On a personal level, my job as software engineer requires me to make from ten to twenty airline trips each year. Some of the places I travel to — Jackson, Mississippi and Lexington, Kentucky, for example — are not served by AirTran. If I am not able to travel there, no matter what the price, I will either have to find a different job or move from Wichita.

Mr. Mayor and Council Members, I urge you to reconsider your support of the AirTran subsidy. Even though the legislature and governor have agreed to pay for most of the subsidy, I believe the subsidy is not in our long-term interest. We need to let the price system, operating in a free market, do its job in guiding the allocation of scarce resources for both producers and consumers. The result may be more expensive fares. The alternative, which is the very real possibility of greatly reduced service to and from Wichita, is much more harmful.

Other Voice For Liberty in Wichita articles on this topic:

The AirTran Subsidy and its Unseen Effects
As Expected, Price Controls Harm Wichita Travelers
AirTran Subsidy Is Harmful
Wichita City Council Meeting, April 19, 2005
Wichita Eagle Says “AirTran Subsidies Foster Competition”
AirTran Subsidy Remarks
The Downside of Being the Air Cap by Harry R. Clements. This article makes a striking conclusion as to why airfares in Wichita were so high.
Letter to County Commissioners Regarding AirTran Subsidy
Open Letter to Wichita City Council Regarding AirTran Subsidy
Stretching Figures Strains Credibility

The AirTran subsidy and its unseen effects

Writing from Natchez, Mississippi

In a June 16, 2006 column, Wichita Eagle editorial writer Rhonda Holman again congratulates local and state government for its success in renewing the AirTran subsidy, and for getting the entire state of Kansas to help for it.

We should take a moment to understand, however, that while the allure of the subsidy is undeniable, it may eventually extract a high price on Wichita. Currently, the legacy airlines provide service to Wichita and other small markets partly because they feel a duty to provide comprehensive, nationwide service. But that may be changing. In an article titled “Major Airlines Fuel a Recovery By Grounding Unprofitable Flights” from the June 5, 2006 Wall Street Journal, we learn that this may change:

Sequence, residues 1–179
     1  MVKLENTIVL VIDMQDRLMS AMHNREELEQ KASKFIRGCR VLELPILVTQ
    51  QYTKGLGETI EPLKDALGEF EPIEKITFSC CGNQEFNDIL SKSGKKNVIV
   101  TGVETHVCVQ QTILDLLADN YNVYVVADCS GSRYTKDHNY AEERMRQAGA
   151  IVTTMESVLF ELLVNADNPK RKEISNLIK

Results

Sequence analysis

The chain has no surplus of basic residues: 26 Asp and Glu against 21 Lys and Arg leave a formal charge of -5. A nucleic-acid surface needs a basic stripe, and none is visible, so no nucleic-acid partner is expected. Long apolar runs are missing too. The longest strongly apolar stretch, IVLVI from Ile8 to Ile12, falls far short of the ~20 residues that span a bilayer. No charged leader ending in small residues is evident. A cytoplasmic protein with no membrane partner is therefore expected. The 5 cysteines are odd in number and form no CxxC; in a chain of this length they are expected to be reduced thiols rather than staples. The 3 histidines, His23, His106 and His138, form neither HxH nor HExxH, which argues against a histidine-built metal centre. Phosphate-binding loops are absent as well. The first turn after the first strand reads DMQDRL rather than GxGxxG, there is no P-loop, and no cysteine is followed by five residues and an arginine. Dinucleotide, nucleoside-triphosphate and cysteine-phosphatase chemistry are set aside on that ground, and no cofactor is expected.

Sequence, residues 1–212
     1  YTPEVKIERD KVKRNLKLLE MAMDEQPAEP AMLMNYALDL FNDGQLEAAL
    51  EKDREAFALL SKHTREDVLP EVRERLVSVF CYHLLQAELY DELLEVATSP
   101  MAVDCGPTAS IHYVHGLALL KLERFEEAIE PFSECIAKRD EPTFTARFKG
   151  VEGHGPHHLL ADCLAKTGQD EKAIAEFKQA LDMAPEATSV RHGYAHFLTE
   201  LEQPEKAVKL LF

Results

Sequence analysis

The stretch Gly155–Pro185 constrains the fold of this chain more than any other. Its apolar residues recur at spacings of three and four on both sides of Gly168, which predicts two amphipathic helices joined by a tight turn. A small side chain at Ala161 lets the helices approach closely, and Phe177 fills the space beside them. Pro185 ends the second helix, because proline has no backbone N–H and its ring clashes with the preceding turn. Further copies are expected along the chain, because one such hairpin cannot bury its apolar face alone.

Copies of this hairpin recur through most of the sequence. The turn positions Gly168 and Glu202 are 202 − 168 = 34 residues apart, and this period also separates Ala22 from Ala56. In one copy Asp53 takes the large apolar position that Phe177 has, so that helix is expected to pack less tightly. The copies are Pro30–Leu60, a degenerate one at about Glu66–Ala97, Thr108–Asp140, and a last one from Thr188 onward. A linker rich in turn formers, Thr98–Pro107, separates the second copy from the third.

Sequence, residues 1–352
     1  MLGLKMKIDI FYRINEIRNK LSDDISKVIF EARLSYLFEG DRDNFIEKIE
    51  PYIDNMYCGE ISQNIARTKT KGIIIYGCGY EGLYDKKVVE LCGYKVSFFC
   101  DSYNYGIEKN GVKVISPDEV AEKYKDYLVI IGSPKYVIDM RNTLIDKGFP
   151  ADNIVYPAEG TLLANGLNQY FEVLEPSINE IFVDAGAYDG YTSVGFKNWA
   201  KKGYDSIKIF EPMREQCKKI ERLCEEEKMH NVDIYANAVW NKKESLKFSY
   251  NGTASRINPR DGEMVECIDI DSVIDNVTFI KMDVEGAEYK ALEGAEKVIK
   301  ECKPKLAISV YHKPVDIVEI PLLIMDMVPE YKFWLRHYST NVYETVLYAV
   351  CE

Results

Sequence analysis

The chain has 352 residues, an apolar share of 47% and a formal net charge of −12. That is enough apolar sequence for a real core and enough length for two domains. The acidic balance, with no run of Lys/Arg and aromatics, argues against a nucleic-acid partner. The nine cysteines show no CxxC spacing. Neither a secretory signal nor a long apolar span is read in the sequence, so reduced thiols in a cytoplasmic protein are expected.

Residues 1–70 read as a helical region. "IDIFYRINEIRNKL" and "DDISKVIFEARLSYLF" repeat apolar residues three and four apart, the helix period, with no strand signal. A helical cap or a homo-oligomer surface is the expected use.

The big carriers, which for decades have doggedly pursued market share at any cost, now are focusing just as aggressively on the profitability of each route and flight.

The so-called legacy carriers — those like American Airlines and Delta Air Lines, with big pension and other obligations that predate the industry’s deregulation in 1978 — have abandoned many of the tactics that have led to their cyclical weakness. They are increasingly unwilling to fly half-empty aircraft to stay competitive on a given route just for the sake of feeding their nationwide networks.

As I have written before, if AirTran — one of the newer airlines without the baggage of high costs that plague the legacy airlines — can’t earn a profit on its service to Wichita, it may be that other airlines are not, either. This article tells us that we may be in danger of losing the service of the legacy airlines. And, as I have written earlier, there are a great many destinations you can’t get to on AirTran.

(The same article also tells us that during much of the time of the subsidy, airfares were falling nationwide anyway: “… the Air Travel Price Index, a quarterly measure of changes in airfares, rose 9.1% in the fourth quarter of last year from a five-year low a year earlier.” So we might have had lower fares even without the subsidy. Of course, we can’t know that, just as subsidy advocates can’t know how much we’ve saved from the subsidy, no matter what they may say.)

Our local government leaders simply do not have the knowledge needed to successfully run a planned economy, which, in essence, is what they are doing when they apply price controls to the airfare market in Wichita. That’s right. The subsidy is a form of price controls. After all, if the subsidy didn’t serve to reduce the price of airfare, what would be its reason for existence?

No government has ever been able successfully impose price controls without the people suffering harmful consequences. As economist Thomas Sowell wrote in a 2005 column:

Prices are perhaps the most misunderstood thing in economics. Whenever prices are “too high” — whether these are prices of medicines or of gasoline or all sorts of other things — many people think the answer is for the government to force those prices down.

It so happens there is a history of price controls and their consequences in countries around the world, going back literally thousands of years. But most people who advocate price controls are as unaware of, and uninterested in, that history as I was in the law of gravity.

Prices are not just arbitrary numbers plucked out of the air or numbers dependent on whether sellers are “greedy” or not. In the competition of the marketplace, prices are signals that convey underlying realities about relative scarcities and relative costs of production.